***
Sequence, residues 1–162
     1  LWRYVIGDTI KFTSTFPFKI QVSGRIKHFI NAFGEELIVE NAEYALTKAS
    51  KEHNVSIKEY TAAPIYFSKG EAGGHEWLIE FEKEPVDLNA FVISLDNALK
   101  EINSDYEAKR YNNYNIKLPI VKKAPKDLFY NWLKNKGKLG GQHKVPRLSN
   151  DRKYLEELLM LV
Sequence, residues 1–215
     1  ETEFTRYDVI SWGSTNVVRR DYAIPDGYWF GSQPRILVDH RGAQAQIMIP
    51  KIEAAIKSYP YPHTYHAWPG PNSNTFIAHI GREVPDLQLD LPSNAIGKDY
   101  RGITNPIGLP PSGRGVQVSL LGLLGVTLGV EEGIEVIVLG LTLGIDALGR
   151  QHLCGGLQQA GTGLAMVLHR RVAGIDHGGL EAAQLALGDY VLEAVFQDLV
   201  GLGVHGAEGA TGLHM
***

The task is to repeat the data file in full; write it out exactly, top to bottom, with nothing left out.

Sequence, residues 1–162
     1  LWRYVIGDTI KFTSTFPFKI QVSGRIKHFI NAFGEELIVE NAEYALTKAS
    51  KEHNVSIKEY TAAPIYFSKG EAGGHEWLIE FEKEPVDLNA FVISLDNALK
   101  EINSDYEAKR YNNYNIKLPI VKKAPKDLFY NWLKNKGKLG GQHKVPRLSN
   151  DRKYLEELLM LV
Sequence, residues 1–215
     1  ETEFTRYDVI SWGSTNVVRR DYAIPDGYWF GSQPRILVDH RGAQAQIMIP
    51  KIEAAIKSYP YPHTYHAWPG PNSNTFIAHI GREVPDLQLD LPSNAIGKDY
   101  RGITNPIGLP PSGRGVQVSL LGLLGVTLGV EEGIEVIVLG LTLGIDALGR
   151  QHLCGGLQQA GTGLAMVLHR RVAGIDHGGL EAAQLALGDY VLEAVFQDLV
   201  GLGVHGAEGA TGLHM